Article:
Green Hill Farm “Everything is grace” ~St. Therese Wishing everyone a wonderful weekend!
A few weeks ago, Farmguy and I gathered our sheep for their spring shearing. We’ve had a number of warm days since late March with temperatures in the 70’s, and the sheep were appearing a bit stressed by the heat. I was happy to finally get a shearing date, but also a little nervous about the possibility of upcoming cold and rainy weather. On shearing day, the sun managed to come out and stay out, at least until all of the sheep were sheared, dewormed, and had their hooves trimmed. However, cooler weather was in the forecast. Of course, around here, when it’s 70 degrees in March, go ahead and expect it to be 30 degrees in April, especially when you’ve just sheared seven months of wool off your sweet, lovely sheep. I’m sure they were thinking, “We’ve been baking in all this wool, and now you think it’s a good time to remove it?” Needless to say, I felt terrible. But, I knew a grain treat would help. Typically, we only give the sheep grain in the cooler months as a treat and to increase their body temperatures. Once spring arrives, the pastures are lush with lots of grass, and the supplemental grain isn’t necessary. However, we made an exception recently due to the cooler temperatures, and the sheep loved it! It doesn’t take long for them to get into a new grain routine as they’re pretty spoiled rotten. […]
“The Zen master Ling Chi said that the miracle is not to walk on burning charcoal or in the thin air or on the water; the miracle is just to walk on earth. You breathe in. You become aware of the fact that you are alive. You are still alive and you are walking on this beautiful planet….The greatest of […]
Growing up on a farm as a child afforded many wonderful experiences. Meaningful experiences that shaped my values and inspired me. I remember when I was about 6 or 7 years old, Dad decided that it would be nice to have fresh milk and eggs. So, he bought a Holstein cow named Bessie and ordered chicks. I remember sitting in our living room early in the morning before school with an old towel on my lap, carefully cradling a warm, fuzzy chick in my hands–marveling at its tiny body and feet as well as the soft, little sounds it made. Every morning over the next 2-3 weeks, I would hurriedly get dressed and eat breakfast so I could hold one for a few minutes before the school bus came. I loved those little chicks! As the chicks grew into hens, they free-ranged all through the pastures and even around the house; but, for some reason, though, they didn’t like to lay their eggs in the coop. Much to my surprise and joy, while walking along outdoors, I would just FIND an egg laying in the yard or under a bush. It was like an Easter egg hunt! After making the discovery that the hens were laying eggs all over the place, I remember enthusiastically running into the house and searching for my Easter basket. “This is going to be fun!” I thought. And it was. The hens free-ranged and laid their […]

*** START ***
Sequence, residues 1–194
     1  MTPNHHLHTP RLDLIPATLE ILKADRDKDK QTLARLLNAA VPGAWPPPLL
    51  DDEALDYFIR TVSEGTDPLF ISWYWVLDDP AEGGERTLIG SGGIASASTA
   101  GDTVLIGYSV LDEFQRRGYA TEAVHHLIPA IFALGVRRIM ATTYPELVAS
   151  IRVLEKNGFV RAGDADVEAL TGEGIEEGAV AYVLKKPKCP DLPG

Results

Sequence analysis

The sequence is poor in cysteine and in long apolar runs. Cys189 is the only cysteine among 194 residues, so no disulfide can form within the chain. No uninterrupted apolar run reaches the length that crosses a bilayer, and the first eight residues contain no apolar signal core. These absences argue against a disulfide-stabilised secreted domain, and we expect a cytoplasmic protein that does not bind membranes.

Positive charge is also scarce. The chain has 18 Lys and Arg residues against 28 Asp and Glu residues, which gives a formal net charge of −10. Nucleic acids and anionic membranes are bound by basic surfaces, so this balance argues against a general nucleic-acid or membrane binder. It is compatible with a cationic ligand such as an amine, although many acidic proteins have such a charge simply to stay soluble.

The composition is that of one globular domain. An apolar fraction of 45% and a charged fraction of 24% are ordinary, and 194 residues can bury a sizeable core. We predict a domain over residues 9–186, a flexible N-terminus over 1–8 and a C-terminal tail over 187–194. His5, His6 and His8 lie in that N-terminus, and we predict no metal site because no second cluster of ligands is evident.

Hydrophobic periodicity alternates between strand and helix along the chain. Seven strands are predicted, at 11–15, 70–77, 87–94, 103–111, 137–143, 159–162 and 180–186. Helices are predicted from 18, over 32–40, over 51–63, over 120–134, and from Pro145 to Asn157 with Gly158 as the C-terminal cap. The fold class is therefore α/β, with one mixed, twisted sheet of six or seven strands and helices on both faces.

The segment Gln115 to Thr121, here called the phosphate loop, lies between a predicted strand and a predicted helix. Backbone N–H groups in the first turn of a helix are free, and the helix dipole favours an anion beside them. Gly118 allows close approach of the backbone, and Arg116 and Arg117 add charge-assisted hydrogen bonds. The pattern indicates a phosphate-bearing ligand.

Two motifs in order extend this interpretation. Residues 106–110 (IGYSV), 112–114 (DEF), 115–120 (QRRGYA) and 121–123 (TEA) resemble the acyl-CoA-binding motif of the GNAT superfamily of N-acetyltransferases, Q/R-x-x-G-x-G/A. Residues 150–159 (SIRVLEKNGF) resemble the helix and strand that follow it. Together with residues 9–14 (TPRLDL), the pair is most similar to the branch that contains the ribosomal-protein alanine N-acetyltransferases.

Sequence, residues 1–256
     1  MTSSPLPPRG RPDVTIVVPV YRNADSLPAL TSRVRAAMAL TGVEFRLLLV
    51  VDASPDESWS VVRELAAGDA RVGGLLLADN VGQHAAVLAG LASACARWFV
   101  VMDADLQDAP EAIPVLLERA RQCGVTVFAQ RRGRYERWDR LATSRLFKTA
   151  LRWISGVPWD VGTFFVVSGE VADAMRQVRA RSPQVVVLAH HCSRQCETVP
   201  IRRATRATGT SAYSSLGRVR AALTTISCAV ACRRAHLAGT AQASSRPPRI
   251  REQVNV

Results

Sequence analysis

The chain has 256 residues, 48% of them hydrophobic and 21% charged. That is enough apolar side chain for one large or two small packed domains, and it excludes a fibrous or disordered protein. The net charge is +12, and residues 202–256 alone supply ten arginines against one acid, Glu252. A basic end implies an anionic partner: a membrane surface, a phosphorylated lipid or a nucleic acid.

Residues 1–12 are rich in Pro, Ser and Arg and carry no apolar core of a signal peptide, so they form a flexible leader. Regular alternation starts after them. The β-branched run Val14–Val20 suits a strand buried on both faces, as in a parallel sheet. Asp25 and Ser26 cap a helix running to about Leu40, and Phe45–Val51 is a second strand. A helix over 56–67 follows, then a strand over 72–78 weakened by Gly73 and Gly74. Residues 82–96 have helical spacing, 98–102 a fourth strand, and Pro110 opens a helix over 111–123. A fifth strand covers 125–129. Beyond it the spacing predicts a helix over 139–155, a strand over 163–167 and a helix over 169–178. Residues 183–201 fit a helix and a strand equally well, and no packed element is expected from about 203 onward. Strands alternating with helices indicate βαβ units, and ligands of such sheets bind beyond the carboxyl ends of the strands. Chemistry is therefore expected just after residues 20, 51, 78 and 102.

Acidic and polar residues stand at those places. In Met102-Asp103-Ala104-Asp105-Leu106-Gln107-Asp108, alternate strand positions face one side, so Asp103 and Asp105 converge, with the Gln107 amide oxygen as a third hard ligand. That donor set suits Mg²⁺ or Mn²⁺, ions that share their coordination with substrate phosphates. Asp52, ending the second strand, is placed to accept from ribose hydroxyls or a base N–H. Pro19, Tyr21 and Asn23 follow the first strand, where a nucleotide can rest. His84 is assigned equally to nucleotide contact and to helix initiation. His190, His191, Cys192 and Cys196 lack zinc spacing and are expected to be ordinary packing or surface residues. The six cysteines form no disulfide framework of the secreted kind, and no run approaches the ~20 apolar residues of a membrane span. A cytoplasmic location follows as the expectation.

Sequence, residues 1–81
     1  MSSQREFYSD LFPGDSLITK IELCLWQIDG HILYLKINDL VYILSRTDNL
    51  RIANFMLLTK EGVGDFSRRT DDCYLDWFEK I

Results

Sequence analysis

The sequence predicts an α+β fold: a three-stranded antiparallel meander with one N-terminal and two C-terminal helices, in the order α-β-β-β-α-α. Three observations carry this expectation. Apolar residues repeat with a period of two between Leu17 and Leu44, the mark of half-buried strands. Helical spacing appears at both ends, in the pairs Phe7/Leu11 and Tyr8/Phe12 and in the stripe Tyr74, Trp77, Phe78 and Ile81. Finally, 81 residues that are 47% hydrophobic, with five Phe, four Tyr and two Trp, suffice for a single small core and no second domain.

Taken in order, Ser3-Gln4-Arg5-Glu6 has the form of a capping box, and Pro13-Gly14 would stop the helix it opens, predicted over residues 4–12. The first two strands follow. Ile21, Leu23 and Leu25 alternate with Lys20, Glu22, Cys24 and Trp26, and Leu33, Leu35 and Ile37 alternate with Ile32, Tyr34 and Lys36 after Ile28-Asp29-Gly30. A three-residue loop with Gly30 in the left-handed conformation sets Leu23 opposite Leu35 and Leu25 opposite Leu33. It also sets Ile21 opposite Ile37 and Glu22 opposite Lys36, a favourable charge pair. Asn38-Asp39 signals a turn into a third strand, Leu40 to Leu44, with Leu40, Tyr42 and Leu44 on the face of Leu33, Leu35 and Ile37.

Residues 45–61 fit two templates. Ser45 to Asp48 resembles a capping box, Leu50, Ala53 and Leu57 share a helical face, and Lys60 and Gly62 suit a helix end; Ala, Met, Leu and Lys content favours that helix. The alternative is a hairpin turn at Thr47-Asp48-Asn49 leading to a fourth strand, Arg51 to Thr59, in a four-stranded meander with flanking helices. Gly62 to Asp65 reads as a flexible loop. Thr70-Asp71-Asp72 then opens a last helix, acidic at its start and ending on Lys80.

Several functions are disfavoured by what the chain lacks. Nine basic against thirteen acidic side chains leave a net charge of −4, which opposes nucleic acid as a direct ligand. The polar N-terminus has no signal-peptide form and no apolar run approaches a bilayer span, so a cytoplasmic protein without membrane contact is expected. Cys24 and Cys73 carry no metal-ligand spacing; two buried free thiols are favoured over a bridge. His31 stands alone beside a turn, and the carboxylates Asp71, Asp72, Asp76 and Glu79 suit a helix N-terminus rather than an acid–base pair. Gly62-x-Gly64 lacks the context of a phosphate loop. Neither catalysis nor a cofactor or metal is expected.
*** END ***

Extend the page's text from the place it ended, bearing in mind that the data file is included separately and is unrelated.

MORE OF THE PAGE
Truffle–spoiled rotten lamb Farmguy and I adopted this little woolly last spring. Truffle was a bottle-fed lamb or “bottle baby” due to not having a mother to care for him. This sweet, little lamb was raised in the barn with one of the family dogs to keep him company. And, because of this early friendship, Truffle now thinks he’s […]
Every. Single. Night. Bizou and Blanket January 2019 “No, I don’t want to go bathroom. I’m really very comfortable right here.” ~Bizou Wishing everyone a warm and cozy weekend!
It doesn’t quite feel like Christmastime in my community until the Christmas Lighting Ceremony has taken place at the Bedford, Virginia landmark formerly known as the Elks National Home. The Benevolent and Protective Order of the Elks is the fraternal organization that has operated the facility for over a century. The Elks National Home was recently sold and the new owner, English Meadows, has promised to continue the Christmas light tradition. Although this icon of Christmas has a new name, to those of us who have passed through those festive gates countless times over the years, it will always be ‘The Elks Home.’ This spectacular presentation of lights and scenery has been a tradition every December except one since 1953. Creating this winter wonderland is a monumental task. Beginning the first week of November, the Home’s maintenance crew as well as residents work many hours to hang tens of thousands of light bulbs and display numerous pieces of scenery. According to the Elks National Home, there are upwards of 20,000 vehicles that pass through the grounds each Christmas Season. Here’s the thing: I wanted to share a Christmas tradition that I’ve delighted in since childhood. I hope you enjoy this little tour through ‘The Elks Home’ winter wonderland, and may your holidays be merry and bright! If you would like to enjoy a bit of festive music while touring the Christmas light display, just click on the link. 🙂 “Winter […]
Farmgirl and Butterbean Green Hill Farm October 2018 All of the rain we’ve had this year has been good for our pastures; however, constant wet and warm weather is anything but helpful when it comes to managing internal parasites in small ruminants, such as sheep. Normally, Farmguy and I monitor our flock and check their eyes every six to […]
Farmgirl and Kittens Circa 1977 Two things I absolutely loved about growing up in the countryside on Green Hill Farm: my grandparents…and, a never-ending supply of barn cats and stray dogs. 😉 Happy Thursday!
Farmgirl with lambs, Truffle and Tino Green Hill Farm June 2018 Evening cocktails…or attitude adjustment hour with the woollies is our favorite way to end a long week. 😉 Enjoy your weekend!